Dems criticize GOP ‘inaction’ on contamination

LANSING, Mich. (AP) — Democratic lawmakers on Tuesday accused majority Republicans of “inaction” on the contamination of tap water with old industrial chemicals, demanding that hearings be held to strengthen Michigan’s standard and to study why an internal state report that warned of dangers was ignored.

The renewed calls came a day before the GOP-led Legislature was to return to session after a summer break during which residents in the city of Parchment and Cooper Township in Kalamazoo County were told not to drink their municipal water for a month due to high levels of perfluoroalkyl and polyfluoroalkyl substances, or PFAS. The industrial compounds — which were used in products like firefighting foam and carpets — also have been found in at least 34 other sites in 19 communities .

Rep. Winnie Brinks, a Grand Rapids Democrat, said at a Capitol news conference that the state does not have an enforceable PFAS limit established in law, and the combined standard of 70 parts per trillion — set by Gov. Rick Snyder’s administration in January and which mirrors a federal advisory level set in 2016 — should be 5 parts per trillion.

“This cap would be the lowest in the country and would ensure that the water coming out of Michiganders’ taps is worth of being called pure,” said Brinks, who introduced legislation in December to lower the PFAS standard. “Access to clean, safe drinking water is a fundamental right.”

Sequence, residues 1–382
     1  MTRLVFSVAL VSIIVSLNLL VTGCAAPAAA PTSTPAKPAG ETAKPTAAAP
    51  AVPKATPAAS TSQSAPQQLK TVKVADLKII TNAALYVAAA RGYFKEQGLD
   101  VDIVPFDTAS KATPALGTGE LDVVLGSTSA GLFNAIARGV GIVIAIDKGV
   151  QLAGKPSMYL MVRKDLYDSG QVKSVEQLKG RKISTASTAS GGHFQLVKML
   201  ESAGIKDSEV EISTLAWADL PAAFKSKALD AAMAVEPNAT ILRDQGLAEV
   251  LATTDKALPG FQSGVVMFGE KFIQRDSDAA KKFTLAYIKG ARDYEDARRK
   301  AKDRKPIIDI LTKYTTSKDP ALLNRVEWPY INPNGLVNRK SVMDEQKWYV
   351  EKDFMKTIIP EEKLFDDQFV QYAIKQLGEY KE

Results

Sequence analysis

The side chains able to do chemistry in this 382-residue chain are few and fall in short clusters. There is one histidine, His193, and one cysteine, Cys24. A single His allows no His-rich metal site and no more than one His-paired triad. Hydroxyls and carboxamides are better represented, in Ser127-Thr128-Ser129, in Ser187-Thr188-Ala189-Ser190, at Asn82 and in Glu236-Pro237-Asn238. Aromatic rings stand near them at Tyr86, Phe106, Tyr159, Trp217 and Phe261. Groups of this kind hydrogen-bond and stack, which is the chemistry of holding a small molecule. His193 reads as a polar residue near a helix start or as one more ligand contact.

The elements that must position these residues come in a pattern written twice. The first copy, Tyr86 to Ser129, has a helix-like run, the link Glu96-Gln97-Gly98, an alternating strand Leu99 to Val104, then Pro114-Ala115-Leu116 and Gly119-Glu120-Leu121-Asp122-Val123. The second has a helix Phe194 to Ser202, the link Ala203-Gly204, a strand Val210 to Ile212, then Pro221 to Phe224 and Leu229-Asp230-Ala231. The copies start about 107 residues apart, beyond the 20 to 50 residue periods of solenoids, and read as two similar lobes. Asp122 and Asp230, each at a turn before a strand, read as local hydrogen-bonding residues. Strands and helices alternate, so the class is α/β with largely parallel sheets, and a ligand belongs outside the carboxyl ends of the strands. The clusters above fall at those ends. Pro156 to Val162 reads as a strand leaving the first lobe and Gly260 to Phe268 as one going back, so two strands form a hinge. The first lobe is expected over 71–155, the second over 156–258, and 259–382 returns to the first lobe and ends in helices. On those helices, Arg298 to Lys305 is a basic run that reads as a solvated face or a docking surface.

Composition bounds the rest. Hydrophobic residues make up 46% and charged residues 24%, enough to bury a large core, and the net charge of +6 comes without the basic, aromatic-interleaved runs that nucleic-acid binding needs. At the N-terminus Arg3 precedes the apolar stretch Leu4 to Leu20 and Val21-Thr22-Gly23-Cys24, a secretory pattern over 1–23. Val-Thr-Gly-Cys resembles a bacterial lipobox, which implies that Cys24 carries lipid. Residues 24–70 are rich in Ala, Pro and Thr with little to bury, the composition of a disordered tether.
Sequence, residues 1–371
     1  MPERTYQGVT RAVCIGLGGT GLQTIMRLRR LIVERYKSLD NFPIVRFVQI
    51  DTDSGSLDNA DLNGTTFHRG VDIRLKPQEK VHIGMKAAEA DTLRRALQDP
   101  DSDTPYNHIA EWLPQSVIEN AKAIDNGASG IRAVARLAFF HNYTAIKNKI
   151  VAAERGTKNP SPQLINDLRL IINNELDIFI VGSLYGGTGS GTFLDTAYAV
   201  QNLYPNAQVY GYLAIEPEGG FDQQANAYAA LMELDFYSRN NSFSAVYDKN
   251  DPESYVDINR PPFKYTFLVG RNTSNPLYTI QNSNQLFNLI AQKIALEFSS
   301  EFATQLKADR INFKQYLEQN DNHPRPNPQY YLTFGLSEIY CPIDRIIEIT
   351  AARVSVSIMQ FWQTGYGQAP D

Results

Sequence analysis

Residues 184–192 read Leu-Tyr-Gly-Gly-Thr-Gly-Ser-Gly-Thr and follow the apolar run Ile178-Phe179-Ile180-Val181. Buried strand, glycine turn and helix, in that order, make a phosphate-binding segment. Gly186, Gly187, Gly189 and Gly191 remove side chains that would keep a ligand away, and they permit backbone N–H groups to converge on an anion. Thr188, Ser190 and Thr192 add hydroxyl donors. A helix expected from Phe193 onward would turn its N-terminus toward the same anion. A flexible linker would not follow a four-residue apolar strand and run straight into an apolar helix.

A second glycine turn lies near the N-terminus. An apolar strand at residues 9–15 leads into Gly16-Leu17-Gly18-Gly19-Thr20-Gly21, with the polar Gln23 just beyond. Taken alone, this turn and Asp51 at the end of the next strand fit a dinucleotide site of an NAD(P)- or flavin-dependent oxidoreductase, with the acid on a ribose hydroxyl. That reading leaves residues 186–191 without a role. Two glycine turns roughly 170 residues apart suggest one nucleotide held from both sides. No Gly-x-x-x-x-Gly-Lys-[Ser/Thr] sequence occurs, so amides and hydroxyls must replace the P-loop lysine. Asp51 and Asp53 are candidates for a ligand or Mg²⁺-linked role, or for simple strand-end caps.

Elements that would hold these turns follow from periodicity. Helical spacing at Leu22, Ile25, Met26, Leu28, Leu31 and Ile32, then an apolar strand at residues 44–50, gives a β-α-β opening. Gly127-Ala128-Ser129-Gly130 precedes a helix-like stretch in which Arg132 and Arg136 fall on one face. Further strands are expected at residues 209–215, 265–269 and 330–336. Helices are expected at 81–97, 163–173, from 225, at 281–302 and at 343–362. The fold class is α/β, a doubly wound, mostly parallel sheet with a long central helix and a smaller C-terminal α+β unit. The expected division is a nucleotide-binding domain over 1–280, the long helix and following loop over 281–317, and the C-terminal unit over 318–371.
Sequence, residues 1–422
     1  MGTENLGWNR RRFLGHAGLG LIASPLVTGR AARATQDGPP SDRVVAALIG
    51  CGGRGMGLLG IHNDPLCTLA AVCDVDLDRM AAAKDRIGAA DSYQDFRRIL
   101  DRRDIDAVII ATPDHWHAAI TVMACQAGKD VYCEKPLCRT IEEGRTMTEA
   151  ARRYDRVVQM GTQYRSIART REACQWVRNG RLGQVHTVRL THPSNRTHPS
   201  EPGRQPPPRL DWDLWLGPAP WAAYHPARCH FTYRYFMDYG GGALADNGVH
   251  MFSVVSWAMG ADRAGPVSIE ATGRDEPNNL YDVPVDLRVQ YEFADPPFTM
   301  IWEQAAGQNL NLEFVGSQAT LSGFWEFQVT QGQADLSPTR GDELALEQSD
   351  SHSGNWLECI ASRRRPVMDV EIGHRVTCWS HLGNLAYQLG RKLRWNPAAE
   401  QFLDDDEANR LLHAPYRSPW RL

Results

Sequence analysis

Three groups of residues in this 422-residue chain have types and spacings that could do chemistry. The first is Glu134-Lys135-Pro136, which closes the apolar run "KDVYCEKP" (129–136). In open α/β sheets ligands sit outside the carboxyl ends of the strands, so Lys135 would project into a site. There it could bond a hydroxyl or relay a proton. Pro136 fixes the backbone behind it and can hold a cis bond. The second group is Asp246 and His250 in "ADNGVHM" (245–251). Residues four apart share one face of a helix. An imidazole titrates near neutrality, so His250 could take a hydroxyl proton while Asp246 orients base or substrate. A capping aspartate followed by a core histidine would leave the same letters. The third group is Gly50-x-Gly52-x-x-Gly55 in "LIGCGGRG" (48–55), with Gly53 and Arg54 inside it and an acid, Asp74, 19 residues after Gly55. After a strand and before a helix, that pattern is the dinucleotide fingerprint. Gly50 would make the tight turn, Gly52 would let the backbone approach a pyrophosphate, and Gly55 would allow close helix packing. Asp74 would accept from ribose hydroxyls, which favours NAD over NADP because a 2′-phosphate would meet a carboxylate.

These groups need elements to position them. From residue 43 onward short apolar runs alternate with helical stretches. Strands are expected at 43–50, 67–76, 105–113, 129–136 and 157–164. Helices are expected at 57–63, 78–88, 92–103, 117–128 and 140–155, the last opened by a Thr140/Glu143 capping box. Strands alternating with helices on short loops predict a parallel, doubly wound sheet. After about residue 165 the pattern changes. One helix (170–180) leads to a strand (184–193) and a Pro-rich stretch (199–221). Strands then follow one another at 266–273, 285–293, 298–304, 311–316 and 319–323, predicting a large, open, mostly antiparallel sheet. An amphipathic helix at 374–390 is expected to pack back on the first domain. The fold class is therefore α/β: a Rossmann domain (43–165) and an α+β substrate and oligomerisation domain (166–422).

A response team created by the Republican governor last year is reviewing the science and may make a recommendation on the PFAS standard.

Asked why no hearings have been held, spokesman for GOP House Speaker Tom Leonard said Republicans “are focused on getting the state’s emergency response up and running first.” Gideon D’Assandro said lawmakers have allocated more than $60 million for lab equipment, initial cleanup, health care and getting boots on the ground in affected communities.

“The state is still working on testing water systems statewide and finding affected communities, and the Legislature’s focus needs to remain on this emergency testing and response until experts can determine the extent of the problem,” D’Assandro said in a statement. “This simply has to be done first.”

Democrats said hearings should be held, however, especially after reported in July that a state regulator’s 2012 warning about PFAS was largely ignored by the former director of the Department of Environmental Quality.

“That report was buried for six years. Michiganders deserve to have some answers,” said Rep. Kevin Hertel of St. Clair Shores, the top-ranking Democrat on the House Oversight Committee.

Snyder — who is pushing a fee increase to in part help clean up PFAS sites — said last week that the reason Michigan is finding the man-made chemicals is because it is proactively testing for them unlike in other states, after learning lessons from the Flint water crisis.

The governor said of the 2012 report: “You can do a lot of what-ifs, but we’re doing the right things today and we’re doing them pretty well. But we’ve got to keep it up and we can’t take anything for granted.”